ATLANTA – Advocates for bringing legalized gambling to Georgia will be back under the Gold Dome next month, pitching the financial benefits of casinos, horse racing and sports betting together and separately.
But a betting man might give legislation authorizing online sports betting in the Peach State the best odds to advance.
“It’s the easiest one to pass,” said Georgia Rep. Ron Stephens, R-Savannah, chairman of the House Economic Development & Tourism Committee. “It clearly does not require a constitutional amendment. … It’s just a matter of us giving the [Georgia] Lottery Commission direction and authority they already have.”
Efforts going back the better part of a decade to legalize casino gambling and pari-mutuel betting on horse racing in Georgia have been unable to muster the two-thirds majorities in the state House and Senate required to approve constitutional amendments and put them on the statewide ballot.
Supporters say sports betting, on the other hand, would only require simple majorities to get through the two legislative chambers because it could be accomplished simply by amending the law that created the Georgia Lottery during the 1990s.
Sports betting also enjoys the advantages of being a relative newcomer to the debate, having been taken up in the General Assembly for the first time during this year’s session. Lawmakers haven’t had time to grow tired of talking about it.
Sports betting has the backing of Atlanta’s four professional sports teams – the Braves, Falcons, Hawks and Atlanta United – which formed a coalition last winter to lobby on the legislation’s behalf.
The teams are counting on sports betting as a way to generate more fan interest, particularly at a time when they have had to shorten seasons and limit attendance because of the coronavirus pandemic.
“Increasingly, the cellphone is the primary means of entertainment for younger fans,” said Billy Linville, spokesman for the Georgia Professional Sports Alliance. “[The teams] have to engage them or they’ll go elsewhere.”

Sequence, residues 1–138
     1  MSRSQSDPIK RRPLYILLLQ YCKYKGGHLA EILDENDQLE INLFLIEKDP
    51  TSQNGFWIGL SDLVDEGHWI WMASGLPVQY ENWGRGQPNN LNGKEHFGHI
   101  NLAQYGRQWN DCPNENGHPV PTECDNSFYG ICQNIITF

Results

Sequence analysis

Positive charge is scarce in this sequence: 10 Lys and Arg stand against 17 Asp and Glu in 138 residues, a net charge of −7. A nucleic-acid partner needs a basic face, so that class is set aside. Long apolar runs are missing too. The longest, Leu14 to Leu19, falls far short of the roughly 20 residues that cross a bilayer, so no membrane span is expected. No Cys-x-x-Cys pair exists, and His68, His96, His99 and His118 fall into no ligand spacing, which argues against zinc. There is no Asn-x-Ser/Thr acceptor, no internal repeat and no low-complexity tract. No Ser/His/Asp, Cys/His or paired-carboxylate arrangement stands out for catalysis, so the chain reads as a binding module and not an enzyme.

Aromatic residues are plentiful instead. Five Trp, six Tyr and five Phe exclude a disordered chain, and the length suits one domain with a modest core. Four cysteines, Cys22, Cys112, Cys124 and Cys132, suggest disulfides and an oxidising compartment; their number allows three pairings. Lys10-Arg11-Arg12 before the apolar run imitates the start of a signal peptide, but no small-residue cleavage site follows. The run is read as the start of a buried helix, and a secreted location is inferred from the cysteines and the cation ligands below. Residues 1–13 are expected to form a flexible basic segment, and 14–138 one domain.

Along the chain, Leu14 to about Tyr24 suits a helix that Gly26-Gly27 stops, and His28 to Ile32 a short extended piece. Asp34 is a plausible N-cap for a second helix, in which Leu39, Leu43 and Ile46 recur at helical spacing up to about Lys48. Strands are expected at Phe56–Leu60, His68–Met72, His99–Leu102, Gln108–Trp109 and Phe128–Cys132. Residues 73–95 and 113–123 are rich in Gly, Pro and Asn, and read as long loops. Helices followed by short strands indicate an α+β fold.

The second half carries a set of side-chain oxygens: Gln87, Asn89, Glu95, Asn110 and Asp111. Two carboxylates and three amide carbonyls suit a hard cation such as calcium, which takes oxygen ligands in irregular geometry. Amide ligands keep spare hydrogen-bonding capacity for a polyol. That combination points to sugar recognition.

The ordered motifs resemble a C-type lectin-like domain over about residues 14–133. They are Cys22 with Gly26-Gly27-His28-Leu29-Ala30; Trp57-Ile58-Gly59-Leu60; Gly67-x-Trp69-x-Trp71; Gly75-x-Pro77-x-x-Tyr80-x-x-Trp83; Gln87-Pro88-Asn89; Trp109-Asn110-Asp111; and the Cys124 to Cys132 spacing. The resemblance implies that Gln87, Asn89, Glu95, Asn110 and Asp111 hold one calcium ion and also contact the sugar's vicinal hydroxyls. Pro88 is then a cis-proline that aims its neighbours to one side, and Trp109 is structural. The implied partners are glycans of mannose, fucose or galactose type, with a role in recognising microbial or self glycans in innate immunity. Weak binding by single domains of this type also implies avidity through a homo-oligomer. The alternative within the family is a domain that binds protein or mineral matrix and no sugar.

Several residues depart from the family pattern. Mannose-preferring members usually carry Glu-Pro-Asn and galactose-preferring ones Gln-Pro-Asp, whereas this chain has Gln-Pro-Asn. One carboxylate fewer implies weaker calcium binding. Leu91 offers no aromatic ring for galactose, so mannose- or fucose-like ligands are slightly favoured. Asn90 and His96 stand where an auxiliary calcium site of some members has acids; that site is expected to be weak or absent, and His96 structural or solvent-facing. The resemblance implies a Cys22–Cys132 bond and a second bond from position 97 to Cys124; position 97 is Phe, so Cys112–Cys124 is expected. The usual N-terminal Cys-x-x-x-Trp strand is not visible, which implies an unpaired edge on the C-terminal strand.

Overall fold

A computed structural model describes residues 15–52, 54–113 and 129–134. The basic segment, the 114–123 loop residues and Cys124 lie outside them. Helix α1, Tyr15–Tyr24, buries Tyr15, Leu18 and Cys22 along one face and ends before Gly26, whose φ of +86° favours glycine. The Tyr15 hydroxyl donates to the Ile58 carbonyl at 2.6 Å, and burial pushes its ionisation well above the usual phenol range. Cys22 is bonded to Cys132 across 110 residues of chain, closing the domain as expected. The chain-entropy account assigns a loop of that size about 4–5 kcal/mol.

Some new ammunition the sports alliance will bring to the 2021 debate is the revenue numbers sports betting is generating in the nearly two dozen states where it’s legal.
In Tennessee, online sports betting produced $131.4 million in wagering last month – an average of more than $4 million per day – after legislation legalizing sports betting took effect Nov. 1.
In 2019, the first full year of sports betting in New Jersey generated $4.55 billion in wagering, with more than $3.8 billion bet online.
Legislation backed by the sports alliance to be introduced into the General Assembly this winter will call for dedicating 20% of the proceeds from sports betting in Georgia to the HOPE Scholarships program.
The lottery-funded HOPE program covered the full tuition costs of eligible Georgia high-school students until 2011, when then-Gov. Nathan Deal pushed a cut in benefits through the General Assembly to keep the program solvent amid rising student enrollment and the increasing costs of tuition.
“We’ve got the COAM [Coin-Operated Amusement] Machines and the lottery drawings producing more than $4 billion [a year] in revenue, and it’s not able to completely fund the HOPE scholarship anymore,” said state Sen. Brandon Beach, R-Alpharetta, who has been the legislature’s leading champion of horse racing. “We’re going to have to find different revenue sources.”
Other lawmakers are advocating other uses for the state’s share of legalized gambling proceeds.
Rep. Alan Powell, R-Hartwell, chairman of the House Regulated Industries Committee said he’d like to put the revenue generated by casinos in Georgia toward “the No.-1 hole in the [state] budget: health care.”
House Democrats have expressed an interest in setting aside a portion of the state’s share of gambling proceeds for low-income families that can’t afford to cover the funding gap the 2011 cuts to the HOPE Scholarship opened up in the program, or for a new scholarship program to help young Georgians pay off their student loans.
Besides the financial argument, supporters of legalized gambling also argue that illegal gambling is generating billions of dollars in Georgia without the state seeing any benefit.
“All we’re going to do is capture the tax,” Stephens said.
“It’s time to bring it out of the darkness and into the light,” Linville added.
But Sen. Bill Cowsert, R-Athens, chairman of the Senate Regulated Industries and Utilities Committee, said competition for Georgians’ limited entertainment dollars from legalized sports betting, casinos or horse racing could hurt the lottery program’s revenues.
Lawmakers also should consider how casinos, racetracks and/or online sports betting available at the fingertips might affect problem gamblers and their families, he said.
“We need to make certain we educate the gamblers what the risks are … and do something to make sure they don’t hurt themselves,” Cowsert said.
The 2021 version of the legalized gambling debate should kick off early. Backers of all three options – sports betting, casinos and horse racing – say they plan to pre-file legislation during the first week of January. The 2021 session begins Jan. 11.
This story available through a news partnership with Capitol Beat News Service, a service of the Georgia Press Education Foundation.